The more time we spend on pointless disputes about budget cuts no one is expected to make soon, the less we spend trying to solve the problems that confront us today — and, God forbid, thinking about the future. The 2012 election gave President Obama new authority and new energy. Republicans want to place as much distance between themselves and that election as they possibly can. From their perspective, the more months we fritter away on these dumb, fake emergencies, the better. As Obama’s clout slowly diminishes, so will his opportunities to press his priorities. . . .
[T]he sequester is allowing the tea party’s ghost to haunt Washington. It is as if the election never happened. We are back to exactly the same deficit conversations we were having in 2010 and 2011. We are not pondering ways of helping the economy to grow faster, or how we might reduce joblessness, or how we can usefully invest in the future. We are not discussing what to do about deepening economic inequality.
Mickey Kaus agrees. He goes so far as to suggest that it would be in Obama’s interest to “accept the sequester, minimize the impact of cutting a couple of percentage points off the federal budget, settle for a deal that would delay as long as possible the Keynesian effect of the cuts on the economy.”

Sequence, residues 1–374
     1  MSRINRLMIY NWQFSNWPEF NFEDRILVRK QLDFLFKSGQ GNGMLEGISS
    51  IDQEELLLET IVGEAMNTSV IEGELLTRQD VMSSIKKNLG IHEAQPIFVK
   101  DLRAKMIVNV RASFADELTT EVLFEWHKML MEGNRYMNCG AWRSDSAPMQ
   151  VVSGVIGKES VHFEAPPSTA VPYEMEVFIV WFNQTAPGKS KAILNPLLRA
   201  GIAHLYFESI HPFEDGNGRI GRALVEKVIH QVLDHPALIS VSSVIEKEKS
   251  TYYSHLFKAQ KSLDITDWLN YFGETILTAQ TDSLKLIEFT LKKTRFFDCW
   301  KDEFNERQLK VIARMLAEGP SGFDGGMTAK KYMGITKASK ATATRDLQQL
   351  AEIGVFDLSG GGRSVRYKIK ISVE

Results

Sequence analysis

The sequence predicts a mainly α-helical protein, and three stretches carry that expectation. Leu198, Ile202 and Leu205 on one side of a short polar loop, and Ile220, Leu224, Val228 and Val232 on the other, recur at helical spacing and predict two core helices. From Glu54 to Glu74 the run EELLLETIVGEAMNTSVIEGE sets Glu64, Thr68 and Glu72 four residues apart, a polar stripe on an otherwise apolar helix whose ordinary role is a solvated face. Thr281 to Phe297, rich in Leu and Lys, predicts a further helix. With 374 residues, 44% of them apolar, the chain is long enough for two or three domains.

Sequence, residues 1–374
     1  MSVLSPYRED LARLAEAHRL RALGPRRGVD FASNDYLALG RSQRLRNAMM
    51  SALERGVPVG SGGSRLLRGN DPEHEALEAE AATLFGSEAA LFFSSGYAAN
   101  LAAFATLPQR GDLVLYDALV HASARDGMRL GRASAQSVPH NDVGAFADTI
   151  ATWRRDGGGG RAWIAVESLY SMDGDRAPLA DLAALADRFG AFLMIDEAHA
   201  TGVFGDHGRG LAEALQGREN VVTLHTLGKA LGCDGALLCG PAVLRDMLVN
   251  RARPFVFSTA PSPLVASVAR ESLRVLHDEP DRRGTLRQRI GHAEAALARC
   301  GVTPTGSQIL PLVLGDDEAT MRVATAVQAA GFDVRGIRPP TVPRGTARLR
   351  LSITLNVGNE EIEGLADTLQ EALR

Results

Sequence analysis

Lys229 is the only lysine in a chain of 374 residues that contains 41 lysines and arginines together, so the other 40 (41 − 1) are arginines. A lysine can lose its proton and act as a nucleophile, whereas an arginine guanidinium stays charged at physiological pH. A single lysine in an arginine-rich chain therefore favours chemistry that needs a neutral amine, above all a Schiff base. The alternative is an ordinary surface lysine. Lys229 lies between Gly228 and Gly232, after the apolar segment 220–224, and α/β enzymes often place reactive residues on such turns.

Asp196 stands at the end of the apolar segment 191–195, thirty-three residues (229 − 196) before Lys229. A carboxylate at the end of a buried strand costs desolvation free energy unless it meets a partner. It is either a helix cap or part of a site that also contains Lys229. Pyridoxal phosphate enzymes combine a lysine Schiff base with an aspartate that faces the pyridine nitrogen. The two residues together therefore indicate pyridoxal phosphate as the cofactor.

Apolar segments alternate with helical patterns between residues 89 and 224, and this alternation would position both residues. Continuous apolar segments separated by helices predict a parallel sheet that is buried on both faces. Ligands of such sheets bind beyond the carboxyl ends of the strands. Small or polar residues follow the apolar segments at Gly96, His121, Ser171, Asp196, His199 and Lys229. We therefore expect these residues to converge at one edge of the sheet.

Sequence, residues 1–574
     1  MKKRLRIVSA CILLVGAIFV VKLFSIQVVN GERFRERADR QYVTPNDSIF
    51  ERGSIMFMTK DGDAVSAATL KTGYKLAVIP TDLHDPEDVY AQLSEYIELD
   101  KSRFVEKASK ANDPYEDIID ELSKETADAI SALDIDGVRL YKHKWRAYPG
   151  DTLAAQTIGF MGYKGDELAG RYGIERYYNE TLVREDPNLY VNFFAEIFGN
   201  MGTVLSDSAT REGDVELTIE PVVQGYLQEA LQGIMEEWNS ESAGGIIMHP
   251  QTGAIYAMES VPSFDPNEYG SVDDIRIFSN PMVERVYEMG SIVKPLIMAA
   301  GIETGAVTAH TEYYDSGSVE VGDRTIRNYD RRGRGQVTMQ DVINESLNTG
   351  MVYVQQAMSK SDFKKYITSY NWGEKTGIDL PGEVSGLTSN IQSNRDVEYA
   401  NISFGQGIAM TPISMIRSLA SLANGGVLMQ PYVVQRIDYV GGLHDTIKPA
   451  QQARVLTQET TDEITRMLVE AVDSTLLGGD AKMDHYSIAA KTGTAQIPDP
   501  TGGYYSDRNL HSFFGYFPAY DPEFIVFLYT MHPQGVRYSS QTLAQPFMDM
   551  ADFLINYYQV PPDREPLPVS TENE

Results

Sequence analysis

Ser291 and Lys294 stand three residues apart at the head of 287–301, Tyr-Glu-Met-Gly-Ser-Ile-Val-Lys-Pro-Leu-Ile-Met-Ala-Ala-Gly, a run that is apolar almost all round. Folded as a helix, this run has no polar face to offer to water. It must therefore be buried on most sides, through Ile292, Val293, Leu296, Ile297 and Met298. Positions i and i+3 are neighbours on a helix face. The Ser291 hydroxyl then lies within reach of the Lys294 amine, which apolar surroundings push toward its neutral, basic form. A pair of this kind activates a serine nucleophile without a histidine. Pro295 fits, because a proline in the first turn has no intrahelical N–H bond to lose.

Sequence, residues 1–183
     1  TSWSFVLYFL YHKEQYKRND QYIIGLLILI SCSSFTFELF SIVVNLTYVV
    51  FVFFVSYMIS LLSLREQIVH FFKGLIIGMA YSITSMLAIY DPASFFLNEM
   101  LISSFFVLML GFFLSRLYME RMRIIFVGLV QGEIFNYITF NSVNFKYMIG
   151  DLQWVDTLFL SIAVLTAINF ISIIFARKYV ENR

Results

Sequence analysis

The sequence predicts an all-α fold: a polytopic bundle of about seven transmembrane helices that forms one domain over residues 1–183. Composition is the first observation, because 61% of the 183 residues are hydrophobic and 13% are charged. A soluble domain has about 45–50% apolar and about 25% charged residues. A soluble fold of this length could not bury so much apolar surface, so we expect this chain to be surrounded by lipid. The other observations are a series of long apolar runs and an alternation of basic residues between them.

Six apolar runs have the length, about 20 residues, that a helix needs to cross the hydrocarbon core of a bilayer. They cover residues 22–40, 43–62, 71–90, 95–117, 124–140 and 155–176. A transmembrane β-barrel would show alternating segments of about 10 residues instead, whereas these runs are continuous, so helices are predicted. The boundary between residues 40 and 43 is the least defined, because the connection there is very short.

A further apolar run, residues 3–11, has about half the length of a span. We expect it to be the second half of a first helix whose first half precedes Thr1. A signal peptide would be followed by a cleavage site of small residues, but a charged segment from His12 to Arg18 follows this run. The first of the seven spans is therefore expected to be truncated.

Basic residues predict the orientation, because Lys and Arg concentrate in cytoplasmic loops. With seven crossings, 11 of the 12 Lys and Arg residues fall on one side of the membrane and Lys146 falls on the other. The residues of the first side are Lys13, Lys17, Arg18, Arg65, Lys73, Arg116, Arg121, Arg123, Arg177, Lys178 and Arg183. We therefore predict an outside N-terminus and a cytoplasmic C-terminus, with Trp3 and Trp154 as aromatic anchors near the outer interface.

What Dionne and Kaus are missing, but what Obama well understands, is that the battle over sequestration doesn’t represent an obstacle to a left-liberal agenda but rather an opportunity for the president ultimately to enact it. Dionne is correct in saying that the 2012 election gave Obama “new authority and new energy.” But it did not give him a Democratic House.
Without a Democratic House, Obama has no chance of enacting has agenda (with one important exception that I discuss below). Thus, his number one priority is to win the House in 2014. The sequester provides him with an opportunity to advance that cause. As Steve says:
These fiscal battles have gone badly for Republicans in the past, going back to the Gingrich government shutdown fiasco of 1995. And between the President’s megaphone and a sycophantic media, the odds on winning the sequestration perceptions game might appear daunting.
This doesn’t mean that Obama will win the sequestration war. But given the playing field and what a victory might well mean, he is shrewd to fight it.
Obama does have a shot at passing comprehensive immigration reform in this Congress. But sequestration isn’t an obstacle to such legislation. The success of immigration reform legislation in the Senate depends on the extent to which Marco Rubio plays ball with the administration. From all that appears, he is a willing player. In any event, neither he nor Senators McCain and Graham have ever suggested that their cooperation depends on a budgetary deal.
Immigration reform of the kind desired by Obama faces a tougher road in the House. But in that chamber too, there is no reason to posit a linkage between the sequester and immigration reform. Obama is smart enough to understand that backing down on the sequester will not usher in an era of good feeling such that House resistance to immigration reform will crumble.
Obama reportedly has said, “I’m a better speechwriter than my speechwriters; I know more about policies on any particular issue than my policy directors; and I’ll tell you right now that I’m gonna think I’m a better political director than my political director.” These claims may or may not be true. But Obama surely has a better handle on how to push his left-liberal agenda than E.J. Dionne and Mickey Kaus do.